When Twitter recently changed their handling of @replies back in March, few called it anything less than a drastic improvement.
The change was simple enough, rather than reading an @reply as a message that had @username in the beginning, it looked for the @ symbol anywhere in the Tweet and changed the feature name to “mentions”.
It was a great idea that helped foster the conversation on Twitter, it came with some consequences, the biggest of which seems to be @ spam, which is where spammers aren’t content on polluting the regular stream or simply adding hundreds of people, but are actively polluting the mentions feed with advertisements.
It is a growing problem that Twitter is trying to battle, but finding the right way to stomp out this unintended side effect might be easier said than done.
How it Works
The idea is fairly simple. Since mentions can now be anywhere in the tweet and multiple users can be mentioned in a single tweet, spammers just put out a very short message, often just a URL, and @reply it to several people. Each of them then see the tweet in their mention column (or page) rather than in their stream or search feeds.
The reason this method is gaining attention is that it is more effective than other techniques. For example, ever since Twitter added follower numbers to their outgoing emails in May, users typically don’t click through to accounts that appear to be spam, making auto-following less effectively.
Other methods such as search term and hashtag spamming are also falling flat as popular terms become more crowded with spam and such feeds are usually only glanced at, not intently read.
However, most Twitter users read their mention stream very carefully and click links sent directly to them. Though this method might not be able to deliver as many messages, what it lacks in speed it makes up for in targeting, getting into the second-most intensely followed stream, right behind DMs.
Best of all, unlike DMs, the person receiving the mention doesn’t have to be following you. The counter though is that this is more likely to draw spam complaints from users, making these accounts easier marks for closure. However, given how automated the system is, closure likely doesn’t come before many hundreds, if not thousands, have had their mentions feed polluted.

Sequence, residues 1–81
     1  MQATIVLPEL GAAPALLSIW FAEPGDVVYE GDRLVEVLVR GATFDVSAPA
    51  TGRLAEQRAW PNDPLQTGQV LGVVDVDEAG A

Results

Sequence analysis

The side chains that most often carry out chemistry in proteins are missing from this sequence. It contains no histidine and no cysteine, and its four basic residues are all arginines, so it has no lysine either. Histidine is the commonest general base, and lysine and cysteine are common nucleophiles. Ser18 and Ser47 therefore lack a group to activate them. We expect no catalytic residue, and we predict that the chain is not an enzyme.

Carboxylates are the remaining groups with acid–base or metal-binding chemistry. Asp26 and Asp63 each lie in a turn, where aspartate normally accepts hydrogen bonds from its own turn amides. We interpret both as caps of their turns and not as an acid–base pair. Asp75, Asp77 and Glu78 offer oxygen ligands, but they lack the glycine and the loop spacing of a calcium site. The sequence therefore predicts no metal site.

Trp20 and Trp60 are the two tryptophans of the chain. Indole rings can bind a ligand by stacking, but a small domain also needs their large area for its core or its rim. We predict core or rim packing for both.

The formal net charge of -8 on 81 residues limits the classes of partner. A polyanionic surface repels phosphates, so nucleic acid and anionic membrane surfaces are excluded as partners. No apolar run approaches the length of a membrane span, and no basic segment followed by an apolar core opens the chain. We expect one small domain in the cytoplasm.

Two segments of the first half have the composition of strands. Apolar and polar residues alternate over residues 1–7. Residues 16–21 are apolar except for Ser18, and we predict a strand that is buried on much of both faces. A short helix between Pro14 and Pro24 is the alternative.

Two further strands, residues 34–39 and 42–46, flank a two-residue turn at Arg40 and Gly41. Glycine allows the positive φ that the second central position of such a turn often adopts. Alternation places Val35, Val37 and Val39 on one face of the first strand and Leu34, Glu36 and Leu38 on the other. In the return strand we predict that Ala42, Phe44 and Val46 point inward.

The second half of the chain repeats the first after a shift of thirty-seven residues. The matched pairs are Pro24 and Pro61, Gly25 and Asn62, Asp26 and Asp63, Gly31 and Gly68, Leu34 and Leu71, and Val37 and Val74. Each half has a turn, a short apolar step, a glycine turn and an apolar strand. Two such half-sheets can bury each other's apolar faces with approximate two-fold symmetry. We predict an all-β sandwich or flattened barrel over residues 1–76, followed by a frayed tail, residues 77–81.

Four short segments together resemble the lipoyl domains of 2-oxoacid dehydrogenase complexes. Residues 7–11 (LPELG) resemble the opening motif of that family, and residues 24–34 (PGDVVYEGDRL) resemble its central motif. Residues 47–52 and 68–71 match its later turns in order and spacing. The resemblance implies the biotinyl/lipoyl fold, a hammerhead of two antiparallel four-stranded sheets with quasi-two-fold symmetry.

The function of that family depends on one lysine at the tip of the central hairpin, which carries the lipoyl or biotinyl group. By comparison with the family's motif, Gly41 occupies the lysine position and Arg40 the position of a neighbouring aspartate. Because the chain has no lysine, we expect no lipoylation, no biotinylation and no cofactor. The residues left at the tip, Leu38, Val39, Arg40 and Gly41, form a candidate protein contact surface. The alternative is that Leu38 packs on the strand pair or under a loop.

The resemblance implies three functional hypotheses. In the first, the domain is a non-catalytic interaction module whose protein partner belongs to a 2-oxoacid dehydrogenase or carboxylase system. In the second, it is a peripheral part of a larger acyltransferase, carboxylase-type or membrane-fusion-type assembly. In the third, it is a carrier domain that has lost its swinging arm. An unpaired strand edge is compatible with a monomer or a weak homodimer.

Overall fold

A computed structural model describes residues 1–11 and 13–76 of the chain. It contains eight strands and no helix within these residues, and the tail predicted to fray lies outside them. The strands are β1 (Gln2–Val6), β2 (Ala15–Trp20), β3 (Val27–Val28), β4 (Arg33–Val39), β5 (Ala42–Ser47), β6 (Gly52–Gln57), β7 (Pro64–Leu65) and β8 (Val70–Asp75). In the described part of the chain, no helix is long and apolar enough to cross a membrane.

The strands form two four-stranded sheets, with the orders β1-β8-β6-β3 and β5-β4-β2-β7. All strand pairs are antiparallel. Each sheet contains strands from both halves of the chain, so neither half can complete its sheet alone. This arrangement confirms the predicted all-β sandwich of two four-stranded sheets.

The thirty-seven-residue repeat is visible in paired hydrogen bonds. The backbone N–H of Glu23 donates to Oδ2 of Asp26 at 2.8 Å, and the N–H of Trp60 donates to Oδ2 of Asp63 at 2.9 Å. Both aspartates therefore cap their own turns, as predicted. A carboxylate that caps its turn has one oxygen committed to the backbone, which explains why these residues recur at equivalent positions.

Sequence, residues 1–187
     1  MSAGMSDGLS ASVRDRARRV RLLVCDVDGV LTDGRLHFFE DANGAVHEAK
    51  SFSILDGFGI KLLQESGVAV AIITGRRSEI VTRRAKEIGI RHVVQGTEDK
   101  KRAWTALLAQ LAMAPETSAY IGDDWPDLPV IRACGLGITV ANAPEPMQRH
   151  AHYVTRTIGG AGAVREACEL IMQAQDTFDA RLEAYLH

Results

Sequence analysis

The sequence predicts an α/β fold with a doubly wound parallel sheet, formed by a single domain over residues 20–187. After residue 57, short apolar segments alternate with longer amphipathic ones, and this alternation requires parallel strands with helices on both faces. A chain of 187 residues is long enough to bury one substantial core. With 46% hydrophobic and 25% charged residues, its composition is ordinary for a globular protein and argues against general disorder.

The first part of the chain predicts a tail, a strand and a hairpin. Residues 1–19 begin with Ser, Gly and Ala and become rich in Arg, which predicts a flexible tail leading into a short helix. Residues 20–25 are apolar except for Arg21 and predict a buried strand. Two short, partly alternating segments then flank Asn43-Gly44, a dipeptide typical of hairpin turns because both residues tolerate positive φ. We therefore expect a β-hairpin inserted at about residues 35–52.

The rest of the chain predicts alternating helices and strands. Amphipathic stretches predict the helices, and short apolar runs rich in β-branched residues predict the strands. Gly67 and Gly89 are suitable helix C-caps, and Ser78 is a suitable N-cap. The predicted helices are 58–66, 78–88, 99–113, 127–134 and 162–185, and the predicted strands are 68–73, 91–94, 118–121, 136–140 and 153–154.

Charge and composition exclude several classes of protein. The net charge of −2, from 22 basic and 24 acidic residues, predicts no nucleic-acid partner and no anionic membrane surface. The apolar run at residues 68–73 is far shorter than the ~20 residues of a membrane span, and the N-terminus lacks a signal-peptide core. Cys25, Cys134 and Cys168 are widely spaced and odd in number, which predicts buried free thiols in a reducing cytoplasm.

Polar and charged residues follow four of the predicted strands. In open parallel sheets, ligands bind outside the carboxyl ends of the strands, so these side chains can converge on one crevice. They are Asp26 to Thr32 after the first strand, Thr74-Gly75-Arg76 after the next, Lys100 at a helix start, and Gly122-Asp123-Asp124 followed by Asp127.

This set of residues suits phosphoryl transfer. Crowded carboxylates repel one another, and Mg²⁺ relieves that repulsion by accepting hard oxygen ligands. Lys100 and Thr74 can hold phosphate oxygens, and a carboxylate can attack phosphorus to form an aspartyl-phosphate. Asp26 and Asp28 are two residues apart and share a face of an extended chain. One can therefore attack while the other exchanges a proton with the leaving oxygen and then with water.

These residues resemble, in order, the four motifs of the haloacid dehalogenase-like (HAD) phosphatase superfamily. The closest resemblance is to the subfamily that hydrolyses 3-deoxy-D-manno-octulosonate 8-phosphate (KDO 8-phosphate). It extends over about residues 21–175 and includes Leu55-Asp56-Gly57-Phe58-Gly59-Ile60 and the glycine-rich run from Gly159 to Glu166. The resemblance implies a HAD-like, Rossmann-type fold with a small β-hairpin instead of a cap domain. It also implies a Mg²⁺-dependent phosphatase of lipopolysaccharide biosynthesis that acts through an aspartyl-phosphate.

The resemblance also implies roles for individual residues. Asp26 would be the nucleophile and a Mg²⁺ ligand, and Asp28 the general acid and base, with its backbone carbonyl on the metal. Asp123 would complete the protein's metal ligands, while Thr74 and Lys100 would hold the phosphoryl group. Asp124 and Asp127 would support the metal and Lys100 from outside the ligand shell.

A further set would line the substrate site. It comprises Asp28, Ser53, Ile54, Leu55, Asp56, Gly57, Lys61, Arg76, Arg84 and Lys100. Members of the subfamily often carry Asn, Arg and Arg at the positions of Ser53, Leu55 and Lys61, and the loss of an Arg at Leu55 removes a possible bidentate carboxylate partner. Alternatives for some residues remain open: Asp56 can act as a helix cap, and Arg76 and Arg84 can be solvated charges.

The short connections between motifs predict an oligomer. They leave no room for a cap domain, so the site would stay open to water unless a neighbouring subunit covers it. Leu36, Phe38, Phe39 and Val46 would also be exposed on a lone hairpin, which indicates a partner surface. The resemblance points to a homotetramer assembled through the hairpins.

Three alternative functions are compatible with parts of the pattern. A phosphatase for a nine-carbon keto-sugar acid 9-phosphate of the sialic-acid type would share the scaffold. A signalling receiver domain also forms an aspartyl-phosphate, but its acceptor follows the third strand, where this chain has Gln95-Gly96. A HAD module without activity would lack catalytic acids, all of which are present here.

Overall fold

What Can Be Done
Obviously Twitter is working to fight this kind of spam, the same as it is with all spam, but a real resolution may be slow coming. The easier it is to get content into someone’s mention feed, the more people will abuse it.
Users, obviously can and should continue to report these spammy accounts and block those that do this. Other than that, it will likely come down to Twitter looking at new rules for mentions. Possibly including the following:
- The option to see mentions only from people that you are following.
- A requirement to have so many tweets before being able to send a mention to someone not following you.
- A requirement of a positive follower/following ratio before sending mentions to those not following you.
These are just some ideas, almost certainly other ones are out there, but they are ones to consider if the problem continues to grow.
In the end, this is just another illustration of how the cat and mouse game between Twitter and spammers is progressing. As Twitter takes steps to close garbage accounts, reduce the effectiveness of common techniques and shut down spammy applications, the spammers keep finding new ways to get their junk out there.
This is just part of the challenges of building a communications platform, such as Twitter or email. Once you have a means to reach people, others will abuse it.
However, let’s all hope that Twitter doesn’t become more like email when it comes to spam. After all, an estimated 90% of all email is junk and, without the use of spam filters, we would almost certainly drown under the weight.
Twitter may get knocked for not being useful, but imagine just how useless email would be without spam filters keeping the flood at bay.